Ame No Minaka-nushi No Kami, Takamimusubi No Kami, and Kamimusubi No Kami are collectively known as the Musubi-Kami.
Shintō — the Way of the Kami — was originally known as “Musubi no Michi”, the Way of Musubi (産霊), so the term deserves a little unpacking.
The term “musu”, represented by the kanji 産, has an association with the concepts of giving birth to something, or producing something. An old Japanese poem refers to moss growing on a huge boulder over eight thousand human generations, even as the boulder is eventually reduced to pebbles, which are themselves completely hidden by the moss — the verb used to describe the moss growing is “musu”, apparently spontaneous, endlessly creative and transformative action.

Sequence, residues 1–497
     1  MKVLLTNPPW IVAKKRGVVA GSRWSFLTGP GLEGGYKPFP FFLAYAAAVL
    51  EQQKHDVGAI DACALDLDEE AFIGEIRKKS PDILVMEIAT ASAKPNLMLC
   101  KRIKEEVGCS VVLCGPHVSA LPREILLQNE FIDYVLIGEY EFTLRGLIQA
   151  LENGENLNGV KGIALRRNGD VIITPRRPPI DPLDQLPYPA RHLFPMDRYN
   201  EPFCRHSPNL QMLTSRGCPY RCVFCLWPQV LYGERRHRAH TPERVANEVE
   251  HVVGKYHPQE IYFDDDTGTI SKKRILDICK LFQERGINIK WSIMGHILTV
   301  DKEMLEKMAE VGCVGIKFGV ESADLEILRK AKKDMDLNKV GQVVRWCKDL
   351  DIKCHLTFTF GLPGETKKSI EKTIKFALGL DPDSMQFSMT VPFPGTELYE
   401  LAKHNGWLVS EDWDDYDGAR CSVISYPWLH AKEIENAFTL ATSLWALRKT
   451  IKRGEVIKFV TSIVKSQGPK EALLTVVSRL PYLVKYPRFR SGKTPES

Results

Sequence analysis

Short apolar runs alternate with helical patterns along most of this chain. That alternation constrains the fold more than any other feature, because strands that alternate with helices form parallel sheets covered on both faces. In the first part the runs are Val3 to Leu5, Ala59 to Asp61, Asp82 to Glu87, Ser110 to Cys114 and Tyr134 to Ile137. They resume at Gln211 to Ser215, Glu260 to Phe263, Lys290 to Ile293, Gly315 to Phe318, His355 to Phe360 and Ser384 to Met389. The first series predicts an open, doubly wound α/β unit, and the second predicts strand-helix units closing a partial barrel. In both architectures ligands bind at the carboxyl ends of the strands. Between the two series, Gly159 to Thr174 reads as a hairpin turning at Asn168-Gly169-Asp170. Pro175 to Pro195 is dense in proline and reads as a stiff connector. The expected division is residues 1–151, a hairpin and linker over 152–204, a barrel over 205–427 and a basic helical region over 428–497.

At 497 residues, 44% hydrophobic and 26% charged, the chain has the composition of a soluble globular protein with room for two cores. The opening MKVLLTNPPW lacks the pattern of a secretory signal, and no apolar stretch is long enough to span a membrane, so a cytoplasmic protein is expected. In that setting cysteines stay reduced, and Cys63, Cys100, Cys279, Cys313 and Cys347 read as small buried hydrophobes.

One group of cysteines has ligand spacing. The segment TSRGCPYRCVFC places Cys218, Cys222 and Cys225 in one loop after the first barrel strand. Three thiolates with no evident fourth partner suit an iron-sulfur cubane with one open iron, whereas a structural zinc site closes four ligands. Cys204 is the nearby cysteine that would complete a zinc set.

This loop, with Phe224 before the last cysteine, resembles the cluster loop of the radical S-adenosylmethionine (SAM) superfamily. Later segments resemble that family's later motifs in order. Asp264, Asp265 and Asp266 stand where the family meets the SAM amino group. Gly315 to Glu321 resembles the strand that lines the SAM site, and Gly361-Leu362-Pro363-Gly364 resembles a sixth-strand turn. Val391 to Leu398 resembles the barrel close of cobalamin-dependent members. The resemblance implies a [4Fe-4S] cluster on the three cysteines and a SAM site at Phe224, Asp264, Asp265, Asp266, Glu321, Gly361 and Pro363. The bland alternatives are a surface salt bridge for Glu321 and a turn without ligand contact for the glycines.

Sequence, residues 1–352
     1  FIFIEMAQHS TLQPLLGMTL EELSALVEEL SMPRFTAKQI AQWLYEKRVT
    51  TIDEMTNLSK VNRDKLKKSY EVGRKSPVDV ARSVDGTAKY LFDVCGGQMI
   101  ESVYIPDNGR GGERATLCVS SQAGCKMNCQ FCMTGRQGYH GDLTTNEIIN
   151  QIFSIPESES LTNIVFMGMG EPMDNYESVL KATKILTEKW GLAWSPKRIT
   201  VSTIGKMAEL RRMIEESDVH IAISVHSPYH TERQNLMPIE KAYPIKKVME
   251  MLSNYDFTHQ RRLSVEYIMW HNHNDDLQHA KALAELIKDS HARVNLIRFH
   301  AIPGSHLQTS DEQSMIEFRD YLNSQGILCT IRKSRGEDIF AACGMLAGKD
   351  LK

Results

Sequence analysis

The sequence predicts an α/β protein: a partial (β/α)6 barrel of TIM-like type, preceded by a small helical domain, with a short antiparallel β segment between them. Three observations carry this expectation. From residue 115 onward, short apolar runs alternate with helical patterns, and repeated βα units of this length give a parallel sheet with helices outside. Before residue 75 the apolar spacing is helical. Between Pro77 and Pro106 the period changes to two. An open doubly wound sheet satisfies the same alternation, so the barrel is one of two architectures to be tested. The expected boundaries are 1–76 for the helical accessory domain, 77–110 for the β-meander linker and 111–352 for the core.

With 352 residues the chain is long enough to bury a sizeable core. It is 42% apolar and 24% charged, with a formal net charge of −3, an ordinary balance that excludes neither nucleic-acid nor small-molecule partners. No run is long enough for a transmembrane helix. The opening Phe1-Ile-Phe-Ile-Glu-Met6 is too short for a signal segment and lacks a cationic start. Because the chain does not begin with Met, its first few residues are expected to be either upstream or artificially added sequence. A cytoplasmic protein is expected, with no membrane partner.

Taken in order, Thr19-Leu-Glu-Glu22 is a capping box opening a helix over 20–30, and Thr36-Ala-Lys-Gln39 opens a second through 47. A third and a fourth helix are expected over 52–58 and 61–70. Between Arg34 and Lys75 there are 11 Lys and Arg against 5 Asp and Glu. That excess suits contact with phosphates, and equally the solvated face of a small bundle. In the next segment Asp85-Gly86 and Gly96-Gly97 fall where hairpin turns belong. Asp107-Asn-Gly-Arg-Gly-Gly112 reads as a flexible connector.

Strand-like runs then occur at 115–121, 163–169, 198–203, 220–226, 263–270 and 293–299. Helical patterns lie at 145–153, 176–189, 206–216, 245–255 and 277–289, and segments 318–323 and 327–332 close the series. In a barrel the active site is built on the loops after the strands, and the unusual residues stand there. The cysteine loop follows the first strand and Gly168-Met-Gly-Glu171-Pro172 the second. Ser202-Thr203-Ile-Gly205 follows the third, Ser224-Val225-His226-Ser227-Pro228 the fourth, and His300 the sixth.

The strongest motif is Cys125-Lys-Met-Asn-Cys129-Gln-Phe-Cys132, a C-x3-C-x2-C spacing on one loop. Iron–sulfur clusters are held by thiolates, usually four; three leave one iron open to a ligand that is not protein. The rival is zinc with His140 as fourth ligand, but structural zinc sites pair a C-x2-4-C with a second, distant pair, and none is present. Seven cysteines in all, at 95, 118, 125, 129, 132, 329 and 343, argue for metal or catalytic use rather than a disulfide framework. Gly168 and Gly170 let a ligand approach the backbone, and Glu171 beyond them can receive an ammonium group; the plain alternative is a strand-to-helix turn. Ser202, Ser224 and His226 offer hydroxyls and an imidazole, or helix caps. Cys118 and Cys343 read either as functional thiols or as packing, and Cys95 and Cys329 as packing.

The word “bi”, represented by the kanji 霊, has the sense of things of which nothing can be said but which inspire reverence, despite — perhaps because of — their essentially hidden nature. Just as ancient people revered the Sun, they also revered these things which they could sense, but not describe.
So, the Musubi-Kami are the spiritual beings who are the ultimate progenitors of everything which exists or is said to exist in Heaven and Earth, which is exalted and which inspires reverence, and of which little else may be said.